I found myself making a bit of a joke out of it which may have seemed a little odd to some people. Joking and cancer don’t really go hand-in-hand. I would maybe say “lucky enough to get it in the first place” or “God really did choose a big challenge for a child”, but I no longer say these things. I do not want to make people uncomfortable in response to them making me feel uncomfortable. That doesn’t help. Instead I give a more rounded view, like saying “Ah yes, very lucky to be in the shape I’m in. Still lots of side-effects but I am doing my best.”. I like to think that maybe this helps people to understand that it’s not a year long blip of my life that I can forget, and that it’s still very present both physically and mentally. I’m sure I will always be refining this to help people understand!

We need to acknowledge that living in remission is it’s own entity and comes with it’s own set of challenges that are separate from diagnosis and critical treatment. Issues like impaired mobility, infertility, self-consciousness, altered brain function, incontinence, and weight management are just a few examples of the long-term effects from some cancer treatments. Constant positivity is impossible for any human, let alone having to face issues such as these.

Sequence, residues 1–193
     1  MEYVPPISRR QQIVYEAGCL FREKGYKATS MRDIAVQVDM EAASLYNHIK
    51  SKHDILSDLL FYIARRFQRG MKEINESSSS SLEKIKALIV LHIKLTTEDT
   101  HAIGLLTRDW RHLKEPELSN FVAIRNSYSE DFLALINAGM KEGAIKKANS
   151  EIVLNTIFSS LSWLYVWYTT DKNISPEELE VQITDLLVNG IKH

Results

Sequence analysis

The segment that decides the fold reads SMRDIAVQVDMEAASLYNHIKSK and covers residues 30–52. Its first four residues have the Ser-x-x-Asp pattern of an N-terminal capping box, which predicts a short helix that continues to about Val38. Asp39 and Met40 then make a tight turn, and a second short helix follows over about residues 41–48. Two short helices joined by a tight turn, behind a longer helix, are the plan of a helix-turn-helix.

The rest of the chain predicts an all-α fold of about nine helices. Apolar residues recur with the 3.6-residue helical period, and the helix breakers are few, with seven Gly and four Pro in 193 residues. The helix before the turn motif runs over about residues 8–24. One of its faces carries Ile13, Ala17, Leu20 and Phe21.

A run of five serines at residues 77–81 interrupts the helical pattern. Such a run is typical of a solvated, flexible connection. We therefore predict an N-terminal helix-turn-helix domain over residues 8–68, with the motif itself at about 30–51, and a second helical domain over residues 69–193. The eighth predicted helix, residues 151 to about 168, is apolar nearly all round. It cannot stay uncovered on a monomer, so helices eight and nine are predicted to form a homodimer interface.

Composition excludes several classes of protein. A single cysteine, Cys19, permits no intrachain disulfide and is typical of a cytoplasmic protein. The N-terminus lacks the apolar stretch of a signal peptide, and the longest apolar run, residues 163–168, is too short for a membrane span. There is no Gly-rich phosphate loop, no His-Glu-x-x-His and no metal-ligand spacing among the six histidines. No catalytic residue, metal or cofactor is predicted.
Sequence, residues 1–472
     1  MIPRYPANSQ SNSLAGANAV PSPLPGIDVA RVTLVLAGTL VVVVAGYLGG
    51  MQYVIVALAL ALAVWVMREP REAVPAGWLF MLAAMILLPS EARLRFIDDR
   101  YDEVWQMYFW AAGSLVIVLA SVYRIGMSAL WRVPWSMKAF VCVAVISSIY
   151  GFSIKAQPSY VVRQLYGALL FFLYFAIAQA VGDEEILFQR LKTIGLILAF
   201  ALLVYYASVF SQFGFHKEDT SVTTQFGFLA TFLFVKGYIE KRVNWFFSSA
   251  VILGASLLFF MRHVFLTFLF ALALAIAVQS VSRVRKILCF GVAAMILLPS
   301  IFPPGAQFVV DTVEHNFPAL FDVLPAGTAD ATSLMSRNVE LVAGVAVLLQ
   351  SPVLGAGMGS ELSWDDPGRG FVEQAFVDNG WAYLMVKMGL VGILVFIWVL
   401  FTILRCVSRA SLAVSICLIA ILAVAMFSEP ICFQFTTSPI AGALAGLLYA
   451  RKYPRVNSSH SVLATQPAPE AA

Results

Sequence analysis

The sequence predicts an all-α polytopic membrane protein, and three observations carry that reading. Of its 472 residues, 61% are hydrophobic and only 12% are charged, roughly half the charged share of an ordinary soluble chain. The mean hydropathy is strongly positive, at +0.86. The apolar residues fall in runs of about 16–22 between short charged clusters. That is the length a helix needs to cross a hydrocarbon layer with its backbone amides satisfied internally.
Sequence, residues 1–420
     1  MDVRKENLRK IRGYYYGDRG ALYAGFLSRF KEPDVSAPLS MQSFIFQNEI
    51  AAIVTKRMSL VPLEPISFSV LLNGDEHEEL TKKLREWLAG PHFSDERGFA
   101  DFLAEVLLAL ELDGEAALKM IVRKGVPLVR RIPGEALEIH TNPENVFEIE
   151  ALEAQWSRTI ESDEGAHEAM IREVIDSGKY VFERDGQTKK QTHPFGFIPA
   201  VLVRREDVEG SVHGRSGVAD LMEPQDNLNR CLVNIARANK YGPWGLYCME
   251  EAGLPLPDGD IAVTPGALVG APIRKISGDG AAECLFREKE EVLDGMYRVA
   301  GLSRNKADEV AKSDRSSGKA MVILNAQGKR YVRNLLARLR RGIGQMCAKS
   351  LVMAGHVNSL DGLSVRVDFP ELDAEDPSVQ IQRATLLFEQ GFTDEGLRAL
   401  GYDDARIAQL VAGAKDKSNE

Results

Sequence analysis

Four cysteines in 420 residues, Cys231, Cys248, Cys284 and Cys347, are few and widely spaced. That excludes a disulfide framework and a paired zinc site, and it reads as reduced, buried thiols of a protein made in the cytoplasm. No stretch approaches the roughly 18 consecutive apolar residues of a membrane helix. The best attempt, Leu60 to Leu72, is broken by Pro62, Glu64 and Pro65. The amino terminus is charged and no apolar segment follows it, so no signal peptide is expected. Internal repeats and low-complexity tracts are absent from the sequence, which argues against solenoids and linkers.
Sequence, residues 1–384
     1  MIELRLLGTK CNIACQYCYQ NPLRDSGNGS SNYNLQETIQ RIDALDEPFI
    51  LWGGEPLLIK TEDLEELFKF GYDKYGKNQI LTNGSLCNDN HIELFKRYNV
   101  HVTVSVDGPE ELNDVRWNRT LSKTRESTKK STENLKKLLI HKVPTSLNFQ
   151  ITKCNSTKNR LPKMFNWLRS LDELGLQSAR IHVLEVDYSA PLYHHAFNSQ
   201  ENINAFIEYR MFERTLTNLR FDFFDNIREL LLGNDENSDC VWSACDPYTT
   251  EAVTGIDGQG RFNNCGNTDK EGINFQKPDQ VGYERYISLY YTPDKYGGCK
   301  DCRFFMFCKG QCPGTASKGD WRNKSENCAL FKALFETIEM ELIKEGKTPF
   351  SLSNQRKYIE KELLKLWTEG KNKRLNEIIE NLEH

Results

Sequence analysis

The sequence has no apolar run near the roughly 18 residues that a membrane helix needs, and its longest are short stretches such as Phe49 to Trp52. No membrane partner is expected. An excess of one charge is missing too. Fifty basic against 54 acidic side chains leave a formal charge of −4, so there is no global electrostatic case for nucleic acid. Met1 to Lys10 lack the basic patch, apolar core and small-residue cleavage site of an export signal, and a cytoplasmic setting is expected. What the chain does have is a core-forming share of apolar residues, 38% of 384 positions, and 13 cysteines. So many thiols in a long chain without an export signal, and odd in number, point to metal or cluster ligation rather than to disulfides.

So perhaps the next time someone in cancer remission speaks up about their struggle, we will remember that this is okay. It’s okay to feel bad about treatment, it’s okay to be upset about this catastrophically unfair diagnosis, it’s okay to be frustrated about the side-effects. People in remission do not need to be constantly compared to people who have sadly passed away from cancer. It’s is not a comparable thing. We all ‘could have died’ at some point in life. You could have been in a car crash the day you called in sick to work, you could have been knocked off your bike if you didn’t take that shortcut…

Toxic positivity is not helpful for people in cancer remission, it actually leads to people not speaking up about their sadness, fears, and anger, which leads to a much lower quality of life as these feelings then escalate to a point that severely damages mental health. Acknowledging these emotions as very understandable for people in remission validates people and eventually improves their mood. It’s not being negative – it’s understanding.

* Definition from https://www.psychologytoday.com/gb/blog/the-man-cave/201908/toxic-positivity-dont-always-look-the-bright-side

The importance of representation

Diversity and inclusion are now commonplace in conversation, and I am very here for it.

I have learnt so much about this recently, and realise just how important it is from the perspective of a person with a ‘physical difference’.